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Jun 18, 2019 9:35 AMPublication: The East Hampton Press & The Southampton Press

Three Westhampton Beach Players Help Long Island Prevail Over New York City In 24th Annual Empire Challenge

Westhampton Beach players, from left, Liam McIntyre, Jon Mendoza and Edon Popi each competed in the Empire Challenge on Friday night at Hofstra University. The game pits the top seniors from Long Island against their counterparts from New York City. Long Island won this year's game, 44-20. RAY PASSARO
Jun 18, 2019 9:35 AM

It’s becoming an annual tradition.

For the second year in a row, the Westhampton Beach football team was well represented in the 24th annual Empire Challenge, which pits the top Long Island seniors against those from New York City.

Whether that directly had an impact on the outcome could be debatable, but for the past two seasons, with multiple Hurricanes on the roster, Long Island has come out on top.

While last year’s game was close, with Long Island edging New York City, 28-27, this year was not much of a contest, with Long Island taking the game, 44-20. After losing in both 2016 and 2017, Long Island has won the past two years and is now 14-8 all-time.

Liam McIntyre (linebacker), Jonathan Mendoza (offensive lineman) and Edon Popi (defensive tackle) all represented Westhampton Beach—the most the program has had in one game—joining Dylan Laube and Nolan Quinlan, who played in last year’s game, and Sean Montpetit, who played in 2003. Laube was the game’s MVP last season.

Westhampton Beach head coach Bryan Schaumloffel was in attendance on Friday night and enjoyed watching his players play amongst the best the state has to offer.

“It was a great night for those guys. Really happy and really proud of them and they represented Westhampton tremendously. All three had a great night, and it was a great night for Long Island, in general,” he said.

Schaumloffel said each one of his players had a hand in the victory. McIntyre, who is heading to LIU Post in the fall to play football, had a handful of tackles and deflected a few passes. Mendoza, who will be playing at Yale in the fall, had a number of thunderous blocks, including the lead block on a run-scoring touchdown. And Popi, who is heading to the University of Miami but will not be playing football there, rushed the quarterback a few times late in the game as New York City attempted to mount a comeback.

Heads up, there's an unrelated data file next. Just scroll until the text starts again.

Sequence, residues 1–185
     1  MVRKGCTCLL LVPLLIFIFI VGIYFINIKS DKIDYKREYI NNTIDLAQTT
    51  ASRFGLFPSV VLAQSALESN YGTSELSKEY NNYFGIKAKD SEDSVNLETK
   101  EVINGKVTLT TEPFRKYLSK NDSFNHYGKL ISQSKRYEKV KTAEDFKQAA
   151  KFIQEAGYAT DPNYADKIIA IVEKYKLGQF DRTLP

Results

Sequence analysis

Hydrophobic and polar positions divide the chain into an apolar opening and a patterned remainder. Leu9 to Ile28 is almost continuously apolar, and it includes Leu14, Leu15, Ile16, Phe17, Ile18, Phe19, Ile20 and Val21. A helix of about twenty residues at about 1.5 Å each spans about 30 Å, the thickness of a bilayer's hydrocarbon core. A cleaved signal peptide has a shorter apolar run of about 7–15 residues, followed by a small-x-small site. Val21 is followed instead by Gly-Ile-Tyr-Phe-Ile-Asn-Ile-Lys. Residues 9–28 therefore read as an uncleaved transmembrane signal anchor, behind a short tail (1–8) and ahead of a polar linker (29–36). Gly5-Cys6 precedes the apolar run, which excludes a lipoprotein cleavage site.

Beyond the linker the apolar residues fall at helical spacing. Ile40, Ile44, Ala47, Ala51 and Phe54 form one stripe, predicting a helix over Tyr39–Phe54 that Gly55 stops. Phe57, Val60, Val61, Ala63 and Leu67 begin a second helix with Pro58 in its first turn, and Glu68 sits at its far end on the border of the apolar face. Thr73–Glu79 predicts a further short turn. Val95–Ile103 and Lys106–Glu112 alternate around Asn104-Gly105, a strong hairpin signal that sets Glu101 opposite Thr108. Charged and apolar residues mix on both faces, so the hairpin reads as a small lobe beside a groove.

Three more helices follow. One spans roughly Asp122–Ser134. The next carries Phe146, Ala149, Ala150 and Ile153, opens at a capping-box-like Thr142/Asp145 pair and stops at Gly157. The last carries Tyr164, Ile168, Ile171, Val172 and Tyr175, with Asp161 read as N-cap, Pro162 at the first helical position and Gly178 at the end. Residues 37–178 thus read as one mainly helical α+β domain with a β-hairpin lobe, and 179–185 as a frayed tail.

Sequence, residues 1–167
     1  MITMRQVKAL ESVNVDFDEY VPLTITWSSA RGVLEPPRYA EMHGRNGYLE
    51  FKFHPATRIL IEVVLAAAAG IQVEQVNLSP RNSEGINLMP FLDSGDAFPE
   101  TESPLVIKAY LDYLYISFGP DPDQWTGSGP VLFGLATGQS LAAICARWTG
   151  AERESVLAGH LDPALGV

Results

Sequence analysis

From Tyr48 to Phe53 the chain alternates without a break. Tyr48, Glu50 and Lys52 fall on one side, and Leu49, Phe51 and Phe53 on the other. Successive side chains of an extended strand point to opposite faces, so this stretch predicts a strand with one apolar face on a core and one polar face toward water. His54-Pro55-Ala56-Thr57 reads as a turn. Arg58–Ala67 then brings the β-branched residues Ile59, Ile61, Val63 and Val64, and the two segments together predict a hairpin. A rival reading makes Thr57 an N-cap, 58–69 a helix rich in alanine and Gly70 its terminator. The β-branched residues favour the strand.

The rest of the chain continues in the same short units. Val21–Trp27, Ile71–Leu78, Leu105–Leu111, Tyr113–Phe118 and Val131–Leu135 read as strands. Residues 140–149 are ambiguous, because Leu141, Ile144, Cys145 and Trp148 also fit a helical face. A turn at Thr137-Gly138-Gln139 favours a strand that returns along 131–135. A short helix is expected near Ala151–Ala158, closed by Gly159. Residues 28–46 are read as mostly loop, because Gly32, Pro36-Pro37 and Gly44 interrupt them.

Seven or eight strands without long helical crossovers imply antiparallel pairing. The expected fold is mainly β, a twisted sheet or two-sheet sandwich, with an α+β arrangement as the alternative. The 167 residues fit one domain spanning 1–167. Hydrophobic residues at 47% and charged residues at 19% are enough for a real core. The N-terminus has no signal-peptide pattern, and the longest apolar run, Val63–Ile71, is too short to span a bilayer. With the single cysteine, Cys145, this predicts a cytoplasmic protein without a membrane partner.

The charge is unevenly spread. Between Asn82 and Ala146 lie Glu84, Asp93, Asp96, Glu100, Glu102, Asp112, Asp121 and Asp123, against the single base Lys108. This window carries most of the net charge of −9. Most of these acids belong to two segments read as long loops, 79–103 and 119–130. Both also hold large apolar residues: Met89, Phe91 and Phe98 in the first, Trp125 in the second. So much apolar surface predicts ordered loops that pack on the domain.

Each one of the players said they enjoyed their experience.

“I felt incredibly proud to rep the Island and to play against and with some of the top players,” Popi said. “Playing in that game was fun, and the level of competition was incredible. It was just exhilarating.”

Mendoza said it was a bit awkward at first to play with some players whom he’s seen on the opposite sideline for years. But with a three-day walkthrough and then four days of practice leading up to Friday’s game, Mendoza said they were able to work out all of the kinks.

“We kind of smacked around some of the players over the past few years who we were on the same team with, and at the same time, some teams beat us, like Hills West. But as we practiced together we grew more as a team, and it was great to get that next-level feel of the competition going into college,” he said. “It was a great opportunity to play against and with players of that caliber. I just thought I was blessed to be there. At the end of last season, I thought that would be the last time I’d be able to play with [my teammates] but having the opportunity to see those guys on the field and in practice, and then to perform as well as we all did in an All-Star game, it’s something I will always cherish.”

During the fourth quarter with his team up quite a bit, something he’s grown accustomed to over the past few years, McIntyre strolled the sidelines and thought, “Yeah, I could do this for another four years.”

“I was expecting it to be a closer game. We just had a pretty elite team this year,” he said. “It’s a great honor and I was glad I was able to do it, and hopefully we’ll have more [Westhampton Beach] guys in the future do it, too.”

Schaumloffel said it would be great to keep the tradition going.

“We had a nice representation of our players from seventh to 11th grade in attendance watching those three,” he said. “Hopefully that will provide motivation for them to play on that stage someday.”

The Empire Challenge was created by Long Island’s own Boomer Esiason, an East Islip native and 14-year NFL veteran who was the league’s MVP in 1988. The game benefits the Boomer Esiason Foundation and cystic fibrosis research. Each squad consists of 51 players who were selected by a participating committee consisting of 10 coaches, four administrators and a game coordinator.

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